A client recently asked me to create and verify Google My Business locations for all of their stores, 30+ branches spanning three different countries. Here’s how I accomplished this task and what I learned along the way.
I researched the different verification possibilities, and came across the bulk verification option. If you have more than 10 branches, this simplifies the process by verifying all locations at once without having to send a postcard to each individual branch. Apart from being much quicker, the other benefit to this process is that once you are in the system as verified, any new locations added later will automatically appear as verified.
The next step was to create a new Gmail account that I could use during the process. Since this Gmail account name remains private, the name itself is not that important. I chose an account name with the client’s company name and a series of letters related to the main location.
The final step was to ask my client to send me some information. First, I needed the exact locations of the branches. To make it easier for everyone, I asked for one person at each branch to send me their location through WhatsApp. This also allowed me to save the location for future reference.
Secondly, I asked for pictures from every branch showing the branch storefront. Google likes to see the signage of the stores to make sure they accurately reflect the store name, so they might ask for this. My client also had some high-quality pictures of the storefront that I later uploaded to each branch location.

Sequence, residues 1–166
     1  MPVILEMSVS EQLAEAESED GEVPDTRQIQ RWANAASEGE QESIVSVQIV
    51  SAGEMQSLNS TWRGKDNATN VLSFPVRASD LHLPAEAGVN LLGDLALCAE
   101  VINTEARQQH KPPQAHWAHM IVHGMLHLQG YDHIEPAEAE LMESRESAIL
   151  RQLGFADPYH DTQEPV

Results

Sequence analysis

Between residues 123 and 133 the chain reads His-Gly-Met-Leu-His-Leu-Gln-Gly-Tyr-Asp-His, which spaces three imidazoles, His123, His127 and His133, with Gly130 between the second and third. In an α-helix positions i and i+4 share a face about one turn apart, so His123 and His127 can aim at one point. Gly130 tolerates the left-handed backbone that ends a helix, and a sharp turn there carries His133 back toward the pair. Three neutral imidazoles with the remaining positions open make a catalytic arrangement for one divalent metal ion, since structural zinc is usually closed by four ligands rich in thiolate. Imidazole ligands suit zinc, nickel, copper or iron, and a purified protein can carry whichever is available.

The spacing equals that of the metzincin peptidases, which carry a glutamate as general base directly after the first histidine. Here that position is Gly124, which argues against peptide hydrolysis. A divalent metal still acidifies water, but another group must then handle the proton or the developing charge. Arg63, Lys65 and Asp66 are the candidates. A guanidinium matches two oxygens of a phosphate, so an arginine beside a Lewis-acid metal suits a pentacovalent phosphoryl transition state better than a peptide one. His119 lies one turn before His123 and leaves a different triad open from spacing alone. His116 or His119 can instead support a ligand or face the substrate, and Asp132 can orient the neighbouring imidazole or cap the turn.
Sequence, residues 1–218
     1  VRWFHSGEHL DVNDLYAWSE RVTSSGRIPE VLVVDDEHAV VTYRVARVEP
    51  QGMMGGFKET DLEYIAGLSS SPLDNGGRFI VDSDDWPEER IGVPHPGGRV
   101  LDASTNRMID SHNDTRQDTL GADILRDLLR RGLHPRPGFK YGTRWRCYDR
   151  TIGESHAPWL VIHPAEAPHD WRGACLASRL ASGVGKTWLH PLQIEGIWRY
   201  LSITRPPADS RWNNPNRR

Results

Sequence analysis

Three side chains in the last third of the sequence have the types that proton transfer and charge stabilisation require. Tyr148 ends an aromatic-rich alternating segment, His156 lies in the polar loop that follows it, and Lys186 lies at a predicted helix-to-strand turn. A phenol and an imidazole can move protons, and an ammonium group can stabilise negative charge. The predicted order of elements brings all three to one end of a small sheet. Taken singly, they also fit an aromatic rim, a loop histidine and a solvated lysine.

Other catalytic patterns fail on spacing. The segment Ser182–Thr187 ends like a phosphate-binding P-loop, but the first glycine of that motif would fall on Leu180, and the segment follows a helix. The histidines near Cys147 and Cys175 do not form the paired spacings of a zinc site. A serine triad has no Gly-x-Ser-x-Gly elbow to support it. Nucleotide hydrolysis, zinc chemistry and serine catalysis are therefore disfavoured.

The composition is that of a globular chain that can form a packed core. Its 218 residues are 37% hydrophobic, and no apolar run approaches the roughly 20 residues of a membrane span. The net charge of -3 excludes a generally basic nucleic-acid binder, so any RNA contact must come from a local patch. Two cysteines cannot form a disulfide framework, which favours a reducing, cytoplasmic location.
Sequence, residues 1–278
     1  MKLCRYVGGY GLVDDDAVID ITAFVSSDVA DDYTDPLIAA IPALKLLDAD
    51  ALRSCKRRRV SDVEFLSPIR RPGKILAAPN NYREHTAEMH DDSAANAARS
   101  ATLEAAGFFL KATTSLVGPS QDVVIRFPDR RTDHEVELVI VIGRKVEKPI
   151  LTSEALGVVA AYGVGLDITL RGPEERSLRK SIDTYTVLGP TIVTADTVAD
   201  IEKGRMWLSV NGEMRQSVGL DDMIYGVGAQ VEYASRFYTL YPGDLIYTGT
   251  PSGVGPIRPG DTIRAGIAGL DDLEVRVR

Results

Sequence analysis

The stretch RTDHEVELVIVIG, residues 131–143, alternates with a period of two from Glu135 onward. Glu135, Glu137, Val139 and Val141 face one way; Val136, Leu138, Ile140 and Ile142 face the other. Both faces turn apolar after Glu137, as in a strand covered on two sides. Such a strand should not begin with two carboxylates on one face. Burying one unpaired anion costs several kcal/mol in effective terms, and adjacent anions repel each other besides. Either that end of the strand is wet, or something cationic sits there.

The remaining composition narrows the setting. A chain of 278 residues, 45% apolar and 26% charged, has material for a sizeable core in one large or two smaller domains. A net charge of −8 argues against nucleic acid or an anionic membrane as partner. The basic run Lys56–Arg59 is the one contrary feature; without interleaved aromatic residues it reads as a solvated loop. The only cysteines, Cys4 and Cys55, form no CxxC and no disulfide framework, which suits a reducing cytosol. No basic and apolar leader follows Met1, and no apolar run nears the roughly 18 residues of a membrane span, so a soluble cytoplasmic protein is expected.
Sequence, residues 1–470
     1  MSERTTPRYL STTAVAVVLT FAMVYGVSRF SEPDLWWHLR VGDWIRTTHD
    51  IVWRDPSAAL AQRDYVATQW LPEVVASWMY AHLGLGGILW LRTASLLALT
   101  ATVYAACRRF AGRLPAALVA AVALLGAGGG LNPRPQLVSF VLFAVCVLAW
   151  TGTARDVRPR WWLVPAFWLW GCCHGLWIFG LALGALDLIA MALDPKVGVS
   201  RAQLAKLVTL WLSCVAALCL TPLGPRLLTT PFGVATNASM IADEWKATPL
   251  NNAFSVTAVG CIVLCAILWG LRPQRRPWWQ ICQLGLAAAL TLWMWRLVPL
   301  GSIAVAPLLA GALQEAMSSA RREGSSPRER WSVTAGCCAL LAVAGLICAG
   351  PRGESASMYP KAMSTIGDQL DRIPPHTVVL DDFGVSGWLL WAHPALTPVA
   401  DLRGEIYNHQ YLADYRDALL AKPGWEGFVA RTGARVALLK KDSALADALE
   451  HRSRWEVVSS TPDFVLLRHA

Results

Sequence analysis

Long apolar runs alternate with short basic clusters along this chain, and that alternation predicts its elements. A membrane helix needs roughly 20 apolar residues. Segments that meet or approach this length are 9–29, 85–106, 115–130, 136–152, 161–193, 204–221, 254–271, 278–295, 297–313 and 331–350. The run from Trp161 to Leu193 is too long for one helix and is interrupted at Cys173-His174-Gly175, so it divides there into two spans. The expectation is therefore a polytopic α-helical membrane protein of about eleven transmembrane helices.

Finally, I asked for the specific address used by each branch to tell customers how to find them. Some cities in Honduras still have a lot of unnamed or unfamiliar roads, so some of the addresses mention other reference points for their customers to be able to find them.
The verification process
I began by uploading the bulk verification Excel sheet I had prepared. I encountered several issues with the document, including too many characters in the address line, picture links not working, and filling in some location-related columns for some countries, but not for others. I also had to spread this out over a few days because it only lets you use that process for 30 different locations per day, counting edits to already-existing locations.
After being able to upload at least 10 locations, I sent a message to Google to begin the bulk verification process. The Google representative asked for a contact from the company itself, with an email address that uses the company’s domain name. They sent my company contact an email asking them to verify that I was the person in charge of the verification process.
Once they verified that I was officially connected with the process, they asked me to clarify a few things about some of the locations. This is where it was handy to have pictures of the storefronts ready, as they asked for those. They also questioned the validity of locations that were not listed on the website – since my client had recently built some new locations, I also updated the website art to include their new locations.